Posts Tagged ‘Information and Telecommunication Systems’

Spotlight on the Bobcat Network Innovation Center (BNIC)

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Created in 2013, BNIC, or the Bobcat Network Innovation Center, is an organization within the School of Info and Telecom Systems that provides students hands on experience with valuable industry tools and practices. This experience comes in the form of 2 sets of labs that can be accessed via Google Drive. The labs cover the concepts of VMWare and Active Directory, concepts that are important to industry professionals.

“BNIC was designed as a space to cultivate and develop the critical knowledge of important industry technologies. In turn, this has led to a lot of positive feedback from IT Professionals both inside and outside Ohio University,” says Bowie.

Bowie has been a network administrator, primarily for the ITS program, since 1997. His main role is to provide support for the lab environments, whether that be VMWare, Windows Active Directory or IoT. With his impressive knowledge of all things IT, it was not a challenge for Bowie to create some labs and presentations for the ITS students.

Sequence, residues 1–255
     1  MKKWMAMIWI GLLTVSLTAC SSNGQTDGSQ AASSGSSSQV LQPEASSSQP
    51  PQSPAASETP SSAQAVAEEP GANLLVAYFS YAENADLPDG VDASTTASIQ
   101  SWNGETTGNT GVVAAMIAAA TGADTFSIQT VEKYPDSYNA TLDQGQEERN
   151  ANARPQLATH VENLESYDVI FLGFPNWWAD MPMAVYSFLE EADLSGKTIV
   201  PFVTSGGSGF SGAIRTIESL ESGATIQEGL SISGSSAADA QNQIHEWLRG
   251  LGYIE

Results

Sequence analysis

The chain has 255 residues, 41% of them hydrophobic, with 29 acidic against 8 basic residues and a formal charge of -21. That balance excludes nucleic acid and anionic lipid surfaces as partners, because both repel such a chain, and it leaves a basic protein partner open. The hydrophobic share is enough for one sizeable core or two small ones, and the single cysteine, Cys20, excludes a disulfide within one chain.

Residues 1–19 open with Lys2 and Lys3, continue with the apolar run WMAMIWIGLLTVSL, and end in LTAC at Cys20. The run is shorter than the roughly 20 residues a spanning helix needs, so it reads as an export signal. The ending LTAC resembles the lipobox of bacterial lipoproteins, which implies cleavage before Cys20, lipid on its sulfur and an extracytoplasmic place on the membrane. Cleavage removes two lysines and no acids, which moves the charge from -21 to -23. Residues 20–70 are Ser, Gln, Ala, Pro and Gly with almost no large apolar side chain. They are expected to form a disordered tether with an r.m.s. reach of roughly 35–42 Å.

“The Dean of the Scripps College of Communication put out a call for a more creative approach to student experiences. I envisioned an environment where students could innovate more rapidly and with room to grow that knowledge. I decided to create labs for students and make special time in the Schoonover 004 lab to explore,” says Bowie.

BNIC has developed over the years into an informal environment where students can come in and deep dive into whatever technology topic they are interested in. This has lead to a number of students bringing their hardware to the organization such as Gaming PC’s, Raspberry Pi’s and even servers.

Not only are students getting involved, but faculty, alums and other staff as well. Brandon Saunders, visiting professor in ITS, is a frequent attendee of BNIC who lends his extensive knowledge of IT and a helping hand. Corey Shafer, OIT Linux administrator, has come to a meeting and demoed competing VM hypervisors. Finally, Craig James, an ITS alum working for Buckeye Rural Electric, comes to nearly all the meetings and talks to students about the active environment that he runs for his company.

“The thing I love most about BNIC is how unpredictable it is. There is something new every time that we meet and it excites me just thinking about it,” says Bowie.